Save Our Beaches Ghana, a Non-Governmental Organization, has called on stakeholders and government institutions to put measures in place to help fight the negative human activities destroying the coastal belt of the country.
Mining of sand, the practice of open defecation, and throwing of waste along the shores of the beaches, they said, had caused investors great loss, thereby making the beaches unattractive to tourists.
Paa Kwesi Wilson, Founder of the NGO, in an address to mobilise support to halt the practices and save the sea, said the beaches were important national assets that needed investments to turn them into beautiful resorts that would earn the country some foreign exchange.
However, he said, unfortunately, many Ghanaians did not appreciate the value of the beaches, hence they degraded them with their activities.
He warned that the destruction of the beaches could pose serious implications for human existence and wellbeing.
Ms Peace D. Gbeckor-Kove, Programmes Officer of the Environmental Protection Agency, (EPA) said the unsafe activities at the beaches had caused erosion, algal bloom and the influx of sargassum species to be forming at the beaches, thus killing aquatic life and leaving the fisher folks unemployed.
She said the dumping of refuse into the sea and not handling waste properly in the country was one of the reasons the EPA embarked on the waste segregation project to help promote the recycling some of these waste materials and to reduce the rate of waste generated.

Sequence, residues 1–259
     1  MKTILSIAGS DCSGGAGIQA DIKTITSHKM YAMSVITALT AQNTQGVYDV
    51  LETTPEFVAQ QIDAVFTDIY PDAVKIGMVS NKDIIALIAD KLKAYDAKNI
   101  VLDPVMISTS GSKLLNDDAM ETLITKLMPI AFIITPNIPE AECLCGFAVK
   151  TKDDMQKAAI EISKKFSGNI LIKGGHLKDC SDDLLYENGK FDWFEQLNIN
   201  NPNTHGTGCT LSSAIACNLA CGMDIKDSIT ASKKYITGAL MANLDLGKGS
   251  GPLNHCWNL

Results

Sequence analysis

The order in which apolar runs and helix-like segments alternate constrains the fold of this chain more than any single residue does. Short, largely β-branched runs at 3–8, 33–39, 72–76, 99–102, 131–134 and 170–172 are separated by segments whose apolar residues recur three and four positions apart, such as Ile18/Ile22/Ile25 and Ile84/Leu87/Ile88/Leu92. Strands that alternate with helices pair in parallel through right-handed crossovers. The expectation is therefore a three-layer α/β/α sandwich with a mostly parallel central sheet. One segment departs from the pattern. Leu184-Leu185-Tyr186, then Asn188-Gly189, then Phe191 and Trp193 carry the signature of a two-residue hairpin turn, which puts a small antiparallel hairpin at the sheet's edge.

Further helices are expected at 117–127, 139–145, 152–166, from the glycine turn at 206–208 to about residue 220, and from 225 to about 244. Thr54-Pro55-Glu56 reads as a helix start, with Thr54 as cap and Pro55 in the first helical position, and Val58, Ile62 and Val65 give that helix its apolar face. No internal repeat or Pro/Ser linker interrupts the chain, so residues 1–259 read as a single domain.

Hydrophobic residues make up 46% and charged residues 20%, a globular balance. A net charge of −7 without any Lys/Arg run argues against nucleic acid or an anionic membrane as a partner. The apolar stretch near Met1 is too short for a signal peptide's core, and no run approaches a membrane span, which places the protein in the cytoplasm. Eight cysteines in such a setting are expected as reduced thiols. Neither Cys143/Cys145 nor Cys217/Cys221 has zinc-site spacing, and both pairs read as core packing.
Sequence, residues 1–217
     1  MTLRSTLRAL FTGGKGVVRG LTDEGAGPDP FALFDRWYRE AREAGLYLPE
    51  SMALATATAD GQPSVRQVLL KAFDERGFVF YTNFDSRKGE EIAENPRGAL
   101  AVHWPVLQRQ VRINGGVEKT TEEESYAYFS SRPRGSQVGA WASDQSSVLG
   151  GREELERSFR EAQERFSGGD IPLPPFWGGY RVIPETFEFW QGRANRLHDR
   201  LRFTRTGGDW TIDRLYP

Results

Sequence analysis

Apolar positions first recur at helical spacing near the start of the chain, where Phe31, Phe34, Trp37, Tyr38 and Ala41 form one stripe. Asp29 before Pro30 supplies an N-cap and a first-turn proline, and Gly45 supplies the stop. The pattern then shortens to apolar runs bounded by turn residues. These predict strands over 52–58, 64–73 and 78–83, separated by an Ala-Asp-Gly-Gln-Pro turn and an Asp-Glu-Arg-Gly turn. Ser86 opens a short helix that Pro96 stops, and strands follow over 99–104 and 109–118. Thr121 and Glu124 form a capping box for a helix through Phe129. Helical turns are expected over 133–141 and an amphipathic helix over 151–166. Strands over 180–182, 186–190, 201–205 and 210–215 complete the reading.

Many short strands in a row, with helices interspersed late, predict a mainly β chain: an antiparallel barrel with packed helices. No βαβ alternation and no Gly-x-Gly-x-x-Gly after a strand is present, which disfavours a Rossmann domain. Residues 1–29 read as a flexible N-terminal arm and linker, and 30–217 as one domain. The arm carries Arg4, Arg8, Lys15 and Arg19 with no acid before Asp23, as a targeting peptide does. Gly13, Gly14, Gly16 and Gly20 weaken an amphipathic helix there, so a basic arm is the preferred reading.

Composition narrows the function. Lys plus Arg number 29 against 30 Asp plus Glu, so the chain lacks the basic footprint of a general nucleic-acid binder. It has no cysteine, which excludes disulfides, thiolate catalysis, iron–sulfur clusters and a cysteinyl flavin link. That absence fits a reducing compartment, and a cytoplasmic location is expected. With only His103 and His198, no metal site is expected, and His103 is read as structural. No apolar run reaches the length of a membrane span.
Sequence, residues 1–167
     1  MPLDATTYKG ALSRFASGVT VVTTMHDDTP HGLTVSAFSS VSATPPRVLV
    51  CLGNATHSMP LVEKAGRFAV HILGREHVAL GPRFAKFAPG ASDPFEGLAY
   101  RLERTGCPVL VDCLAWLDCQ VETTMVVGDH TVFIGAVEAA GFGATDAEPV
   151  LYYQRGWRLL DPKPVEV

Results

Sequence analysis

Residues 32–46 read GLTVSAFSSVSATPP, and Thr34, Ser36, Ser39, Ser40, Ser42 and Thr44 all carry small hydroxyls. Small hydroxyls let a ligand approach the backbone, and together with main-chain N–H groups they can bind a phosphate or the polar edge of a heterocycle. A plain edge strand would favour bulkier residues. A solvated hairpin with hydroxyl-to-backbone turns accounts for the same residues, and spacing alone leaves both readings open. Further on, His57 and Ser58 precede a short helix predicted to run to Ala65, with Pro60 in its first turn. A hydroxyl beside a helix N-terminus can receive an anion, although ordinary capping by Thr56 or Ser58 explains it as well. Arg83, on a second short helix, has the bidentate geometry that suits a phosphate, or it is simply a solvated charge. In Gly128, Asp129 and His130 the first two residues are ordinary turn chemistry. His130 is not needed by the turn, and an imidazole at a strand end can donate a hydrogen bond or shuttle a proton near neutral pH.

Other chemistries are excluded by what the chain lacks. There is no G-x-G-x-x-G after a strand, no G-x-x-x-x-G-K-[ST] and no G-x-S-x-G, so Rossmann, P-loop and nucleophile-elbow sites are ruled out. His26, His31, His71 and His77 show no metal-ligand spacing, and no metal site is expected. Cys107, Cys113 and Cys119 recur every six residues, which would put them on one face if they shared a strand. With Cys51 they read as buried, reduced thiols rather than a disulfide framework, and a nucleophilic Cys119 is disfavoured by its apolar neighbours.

Ms Gbeckor-Kove recommended the education of people to change their behavior and attitudes towards helping to manage urban waste, reusing and repair of waste produced, saying some of the waste could serve as raw materials for other products.
Mr Kinsley Inkoom, Deputy Editor of The Graphic, said Ghanaians were not willing to change their attitudes to protect this resources left by their forefathers, therefore, in a few years the coastal belt would be a no go area.
Mr Inkoom said the beaches when well kept would offer a serene atmosphere for relaxation and the release of stress after the hard day?s work, which would improve tourism and create employment to the people living in the locality.
?But the littering and the unsafe human activities of Ghanaians deter people as well as tourists from visiting to the place for a site seeing,? he said.
Mrs Cecilia Ampadu, a representative of Ministry of Health, said the negative activities were costing the country a great loss because the government had to invest in the sector to avert the health implications caused by these activities.
She said keeping the coastal belt clean would prevent diseases such as cholera, dysentery, typhoid, and respiratory problems, which became severe last year.